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Your best bet is to follow the Church's nudgings on this. The best idea is to save ring bearing for the temple ceremony. This will provide motivation for them to investigate and be baptized quickly to prepare for the sealing, so they can also be at your wedding.

It's important enough that the Church bans couples who receive civil marriages from the temple to include their families for one year- the same max discipline they'd receive for premarital sex. A civil marriage in the morning and the sealing that afternoon is a sin that must be punished to the maximum possible degree, and thus it is for all members to this day. It's important to follow the Church's desire for ring bearing and marriage to take place only in places where parents can participate if they are full-tithe payers with current temple recommends.

There are other countries in the world besides the USA, and in most of them Temple marriages are not legally recognised by their governments. In such countries couples are required to have a civil marriage, which can be performed in the LDS chapel. The couple are then required to go to their closest temple as soon as possible after the civil ceremony. In some cases this may only be possible the next day or so. Those couples do not have to wait a year before they can be sealed in the temple. Only couples who CHOOSE to not go to the temple straight away, or be married in the temple where that is legally accepted have to wait a year after a civil marriage.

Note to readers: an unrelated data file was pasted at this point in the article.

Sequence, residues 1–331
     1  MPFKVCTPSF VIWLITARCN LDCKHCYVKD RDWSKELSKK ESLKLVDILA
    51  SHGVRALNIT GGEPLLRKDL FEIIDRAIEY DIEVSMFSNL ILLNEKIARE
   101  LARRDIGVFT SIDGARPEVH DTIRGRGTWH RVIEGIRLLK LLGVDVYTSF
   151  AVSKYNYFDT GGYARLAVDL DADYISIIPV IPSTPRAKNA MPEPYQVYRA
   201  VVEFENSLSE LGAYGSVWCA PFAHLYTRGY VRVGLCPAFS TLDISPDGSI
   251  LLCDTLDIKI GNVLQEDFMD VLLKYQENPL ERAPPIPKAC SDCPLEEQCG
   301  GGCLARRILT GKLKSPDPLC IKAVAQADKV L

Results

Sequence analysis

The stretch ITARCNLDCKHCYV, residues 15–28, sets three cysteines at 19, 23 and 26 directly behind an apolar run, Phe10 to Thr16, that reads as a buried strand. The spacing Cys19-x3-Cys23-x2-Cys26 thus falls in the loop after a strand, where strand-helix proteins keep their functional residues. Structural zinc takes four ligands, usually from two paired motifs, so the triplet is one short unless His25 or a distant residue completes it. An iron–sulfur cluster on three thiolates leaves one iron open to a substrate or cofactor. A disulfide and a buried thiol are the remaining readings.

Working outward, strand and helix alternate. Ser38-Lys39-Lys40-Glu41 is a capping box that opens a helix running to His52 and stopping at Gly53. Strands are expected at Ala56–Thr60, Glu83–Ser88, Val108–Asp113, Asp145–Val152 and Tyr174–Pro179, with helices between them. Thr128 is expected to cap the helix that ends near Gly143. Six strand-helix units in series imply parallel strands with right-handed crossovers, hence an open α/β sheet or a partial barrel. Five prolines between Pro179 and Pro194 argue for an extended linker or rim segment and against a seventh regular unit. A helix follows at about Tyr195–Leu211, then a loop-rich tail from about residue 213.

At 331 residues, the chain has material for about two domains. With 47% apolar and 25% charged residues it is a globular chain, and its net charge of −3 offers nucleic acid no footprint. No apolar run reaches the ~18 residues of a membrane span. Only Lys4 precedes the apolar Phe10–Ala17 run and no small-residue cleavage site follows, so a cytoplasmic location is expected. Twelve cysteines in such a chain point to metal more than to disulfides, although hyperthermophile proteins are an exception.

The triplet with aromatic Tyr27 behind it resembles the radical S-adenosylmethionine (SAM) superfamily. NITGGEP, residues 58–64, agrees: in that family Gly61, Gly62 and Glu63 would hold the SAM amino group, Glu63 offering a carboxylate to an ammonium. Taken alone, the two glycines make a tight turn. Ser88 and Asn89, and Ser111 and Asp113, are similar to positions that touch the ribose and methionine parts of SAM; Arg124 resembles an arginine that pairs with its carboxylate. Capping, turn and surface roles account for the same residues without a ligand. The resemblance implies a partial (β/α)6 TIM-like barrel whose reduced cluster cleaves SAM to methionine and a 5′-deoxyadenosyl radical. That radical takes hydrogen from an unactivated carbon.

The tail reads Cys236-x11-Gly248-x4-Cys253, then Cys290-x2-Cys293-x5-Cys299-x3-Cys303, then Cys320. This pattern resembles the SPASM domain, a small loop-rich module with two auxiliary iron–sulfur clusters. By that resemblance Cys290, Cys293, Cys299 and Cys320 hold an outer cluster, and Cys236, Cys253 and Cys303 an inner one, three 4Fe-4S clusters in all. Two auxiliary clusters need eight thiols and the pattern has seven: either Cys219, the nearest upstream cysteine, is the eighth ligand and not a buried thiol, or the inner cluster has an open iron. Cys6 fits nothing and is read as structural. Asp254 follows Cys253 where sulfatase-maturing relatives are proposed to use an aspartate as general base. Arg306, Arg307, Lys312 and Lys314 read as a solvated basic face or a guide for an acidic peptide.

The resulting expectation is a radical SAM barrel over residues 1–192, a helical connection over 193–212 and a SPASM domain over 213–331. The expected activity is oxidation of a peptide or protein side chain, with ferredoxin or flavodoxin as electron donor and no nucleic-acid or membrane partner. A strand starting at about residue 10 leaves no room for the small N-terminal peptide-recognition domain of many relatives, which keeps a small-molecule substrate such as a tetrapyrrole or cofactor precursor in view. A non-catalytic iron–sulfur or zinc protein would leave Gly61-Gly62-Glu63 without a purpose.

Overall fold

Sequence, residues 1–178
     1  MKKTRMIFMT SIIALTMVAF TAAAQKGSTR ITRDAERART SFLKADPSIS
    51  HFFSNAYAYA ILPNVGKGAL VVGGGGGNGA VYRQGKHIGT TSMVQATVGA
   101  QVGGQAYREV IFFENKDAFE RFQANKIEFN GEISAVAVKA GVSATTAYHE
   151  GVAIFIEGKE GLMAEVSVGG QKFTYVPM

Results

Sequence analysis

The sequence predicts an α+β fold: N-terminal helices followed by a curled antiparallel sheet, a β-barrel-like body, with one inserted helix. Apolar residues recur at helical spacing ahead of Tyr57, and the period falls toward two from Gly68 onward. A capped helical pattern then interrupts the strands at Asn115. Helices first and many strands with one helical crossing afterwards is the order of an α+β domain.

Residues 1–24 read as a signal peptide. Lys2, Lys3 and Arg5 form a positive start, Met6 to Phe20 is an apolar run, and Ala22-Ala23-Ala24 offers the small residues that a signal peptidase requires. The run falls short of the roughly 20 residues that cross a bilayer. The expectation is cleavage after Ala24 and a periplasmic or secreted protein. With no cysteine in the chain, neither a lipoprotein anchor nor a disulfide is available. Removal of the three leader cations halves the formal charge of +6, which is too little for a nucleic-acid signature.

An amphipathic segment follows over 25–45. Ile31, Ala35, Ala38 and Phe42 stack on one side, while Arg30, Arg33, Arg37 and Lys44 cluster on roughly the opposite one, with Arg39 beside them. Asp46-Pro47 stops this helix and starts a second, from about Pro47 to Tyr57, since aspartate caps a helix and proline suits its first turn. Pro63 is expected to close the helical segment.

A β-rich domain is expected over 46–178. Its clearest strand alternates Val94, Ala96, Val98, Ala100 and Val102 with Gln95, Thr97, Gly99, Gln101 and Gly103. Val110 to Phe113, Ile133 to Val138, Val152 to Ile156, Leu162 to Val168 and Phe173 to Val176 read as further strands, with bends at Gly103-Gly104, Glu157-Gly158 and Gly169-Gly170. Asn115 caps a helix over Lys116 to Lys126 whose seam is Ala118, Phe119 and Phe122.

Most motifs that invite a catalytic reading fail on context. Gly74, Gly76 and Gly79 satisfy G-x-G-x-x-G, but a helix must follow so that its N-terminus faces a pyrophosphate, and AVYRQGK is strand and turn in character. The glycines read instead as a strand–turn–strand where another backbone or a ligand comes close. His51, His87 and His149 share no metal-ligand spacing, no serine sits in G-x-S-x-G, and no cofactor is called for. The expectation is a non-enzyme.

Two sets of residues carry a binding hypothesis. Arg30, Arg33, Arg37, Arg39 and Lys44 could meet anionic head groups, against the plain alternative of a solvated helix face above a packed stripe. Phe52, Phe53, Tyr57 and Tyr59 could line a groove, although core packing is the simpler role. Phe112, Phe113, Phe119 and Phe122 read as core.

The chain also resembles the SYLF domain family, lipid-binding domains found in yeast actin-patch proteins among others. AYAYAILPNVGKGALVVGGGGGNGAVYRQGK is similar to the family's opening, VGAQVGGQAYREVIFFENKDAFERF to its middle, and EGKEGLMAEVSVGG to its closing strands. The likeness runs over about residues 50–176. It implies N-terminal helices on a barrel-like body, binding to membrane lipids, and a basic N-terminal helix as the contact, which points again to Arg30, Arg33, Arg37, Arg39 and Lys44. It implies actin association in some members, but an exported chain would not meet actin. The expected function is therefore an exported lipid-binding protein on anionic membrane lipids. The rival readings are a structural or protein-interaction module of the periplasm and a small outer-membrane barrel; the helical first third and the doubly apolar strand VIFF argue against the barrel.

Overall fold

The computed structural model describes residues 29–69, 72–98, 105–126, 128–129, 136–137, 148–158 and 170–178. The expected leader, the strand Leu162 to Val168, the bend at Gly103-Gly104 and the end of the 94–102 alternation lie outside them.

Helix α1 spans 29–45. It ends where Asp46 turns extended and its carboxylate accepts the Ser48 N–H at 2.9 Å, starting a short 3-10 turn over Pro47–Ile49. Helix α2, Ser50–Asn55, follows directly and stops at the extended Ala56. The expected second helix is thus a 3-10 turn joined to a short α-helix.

Ignore wcd's comment in this thread, in another thread he admits to trying to get banned by the mods and that he no longer sees himself as really LDS. His types of comments don't belong here in Social Hall, but on the main forum.

Edited by calmoriah
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Ignore wcd's comment in this thread, in another thread he admits to trying to get banned by the mods and that he no longer sees himself as really LDS. His types of comments don't belong here in Social Hall, but on the main forum.

Gotcha!! Thanks!

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Ignore wcd's comment in this thread, in another thread he admits to trying to get banned by the mods and that he no longer sees himself as really LDS. His types of comments don't belong here in Social Hall, but on the main forum.

Glad you added that info. I was thinking the whole comment seemed so out of place in this thread. I kept rereading it trying to understand.

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Just in case anyone wants to know, we did the ring exchange at the end of the Sand Unity narration. It worked out quite well. I'm now happily hitched and baptized. All in a few days time. Whew… now for a good nights sleep….

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Just in case anyone wants to know, we did the ring exchange at the end of the Sand Unity narration. It worked out quite well. I'm now happily hitched and baptized. All in a few days time. Whew… now for a good nights sleep….

Congrats... :yahoo:"Sister" Wants2Know.

Edited by Bill “Papa” Lee